From 5D to 1DsMkIII: The double-edged sword and mini-review

I've now spend a couple of weeks shooting with my new 1Ds and thought it was about time that I gave some insight into the transition from my 5D to the 1Ds3. I've mostly shot with primes (28, 50, and 100mm) though the 24-70 zoom has also done very well. At least with the primes I don't feel like the lenses are limiting the sensor at all, especially when they're stopped down a bit.

Let's get some of the obvious stuff out of the way first. The 1Ds is bigger and heavier than the 5D, and by a decent margin. It's not heavy like a Mamiya RZ67, but it's not the camera I'd want to carry around all day with a heavy L zoom while sightseeing in Paris. The files it produces are obviously much bigger as well, so hard disk space gets eaten up twice as fast. I've started being a little more stingy with my RAW files, keeping only the ones I know I'll actually use, versus another 50% more that I used to think I'd get around to processing but rarely if ever did.

As for the RAW files, they're great. Resolution, with a good lens and technique, is stunning as I've noted a couple weeks ago with the boring and ugly leaf example. There is an improvement in the malleability of the RAW data, but honestly, not as much as I thought there would be, at least on the highlight end of the spectrum. There is however room to pull up shadows without much noise, especially at low ISO. As with most digital systems, under-exposing is generally a better idea as the clipped highlights kill ya. That said, the highlight to white transitions are much less jarring, with plenty of data to pull back with the highlight slider in Lightroom. I'm caulking this up to the 14bit files.

While there is more detail overall, I think the greatest use of the glut of information is to give the image noticably more texture, at least to to my eyes. They feel less 'digital' (that being the negative plastic look that people complain about) that the files from my 5D and I've also noticed the images need less post production overall, seeming to have more character right out of the camera.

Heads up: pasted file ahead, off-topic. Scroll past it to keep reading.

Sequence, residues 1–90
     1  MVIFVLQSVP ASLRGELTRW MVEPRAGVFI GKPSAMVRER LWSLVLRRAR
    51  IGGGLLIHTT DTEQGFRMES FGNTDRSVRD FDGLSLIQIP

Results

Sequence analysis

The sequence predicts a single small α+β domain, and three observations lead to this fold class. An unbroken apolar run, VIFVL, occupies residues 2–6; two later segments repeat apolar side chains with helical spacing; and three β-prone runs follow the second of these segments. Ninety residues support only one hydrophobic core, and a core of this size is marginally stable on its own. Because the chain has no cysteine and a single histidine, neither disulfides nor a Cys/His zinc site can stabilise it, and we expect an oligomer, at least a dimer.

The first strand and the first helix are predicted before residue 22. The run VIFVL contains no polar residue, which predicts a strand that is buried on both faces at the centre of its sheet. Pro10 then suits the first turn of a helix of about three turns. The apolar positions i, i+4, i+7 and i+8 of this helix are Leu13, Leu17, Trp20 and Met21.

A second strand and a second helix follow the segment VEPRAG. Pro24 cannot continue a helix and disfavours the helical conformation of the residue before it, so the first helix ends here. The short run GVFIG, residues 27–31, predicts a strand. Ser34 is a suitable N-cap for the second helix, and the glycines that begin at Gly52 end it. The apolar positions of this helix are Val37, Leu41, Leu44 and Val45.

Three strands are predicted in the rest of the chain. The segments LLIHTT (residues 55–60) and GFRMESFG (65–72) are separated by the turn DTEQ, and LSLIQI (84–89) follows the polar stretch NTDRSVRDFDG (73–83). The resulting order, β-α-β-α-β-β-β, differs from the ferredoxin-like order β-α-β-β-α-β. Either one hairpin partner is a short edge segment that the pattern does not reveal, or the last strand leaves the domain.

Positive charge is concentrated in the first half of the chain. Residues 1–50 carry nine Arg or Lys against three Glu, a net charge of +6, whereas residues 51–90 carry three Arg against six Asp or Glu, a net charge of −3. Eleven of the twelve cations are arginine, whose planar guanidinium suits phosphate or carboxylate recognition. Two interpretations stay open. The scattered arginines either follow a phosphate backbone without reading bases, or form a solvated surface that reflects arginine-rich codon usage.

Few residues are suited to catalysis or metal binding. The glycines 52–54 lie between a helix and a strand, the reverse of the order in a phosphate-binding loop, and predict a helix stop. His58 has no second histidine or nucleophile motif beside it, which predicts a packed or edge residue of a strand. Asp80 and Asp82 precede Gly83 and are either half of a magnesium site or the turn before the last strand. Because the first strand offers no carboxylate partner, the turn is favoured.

Noise levels are very good, I'd say about the same as my 5D, which was pretty good as well. I'm not a sports shooter so I don't need 1/500th of a second at iso 12000, but I regularly shoot at 800 and 1600 and have no problems to speak of. Plus remember that with that many pixels, you can theoretically use extra noise reduction then down sample and sharpen and end up with a 12MP image that's really low noise. I have had no need to do this though, so it's just conjecture. ISO 100 shots do seem to have a little more randomness to patches of color (a blue sky for example). You could call this noise I guess, but I think it's a good thing because it's very subtle and makes the images feel much more like really good film scans. It's much like dither in a digital audio recording if you have any experience with that.

The shutter is fast and tight, mirror blackout minimal. None of that gets in your way. And the viewfinder is butter and probably my favorite part of the new camera and the hardest thing to go backward on. It's big enough to actually manually focus with. Even the 5D finder feels small in comparison, I can't imagine what the step back to a rebel would be like. After using the 1Ds for a couple weeks I wanted to test some tethered shooting scenarios using Capture One and so picked up the 5D body for the first time when I hit a snag. And wow, in comparison, the 5D feels really tiny and something akin to a toy. Not that it is or doesn't take great photographs, that's just the visceral first reaction. I also like the idea that there are no dummie modes or anything on the camera. That you're average person would have no idea what any of the buttons do (I'll admit to being a bit of an elitist in that way)

If they could fit the 1Ds sensor and viewfinder in a 5D size body, that would probably be my ideal camera. But that's not really an option, so I'll take the trade-off. As of right now, I'm much less likely to pick up my Hasselblad if I want to take high-end images, the files I get out of the new camera are more than a match for medium format scans to my eye. Much more so than the 5D.

If anyone has any specific questions, I'd be more than happy to answer.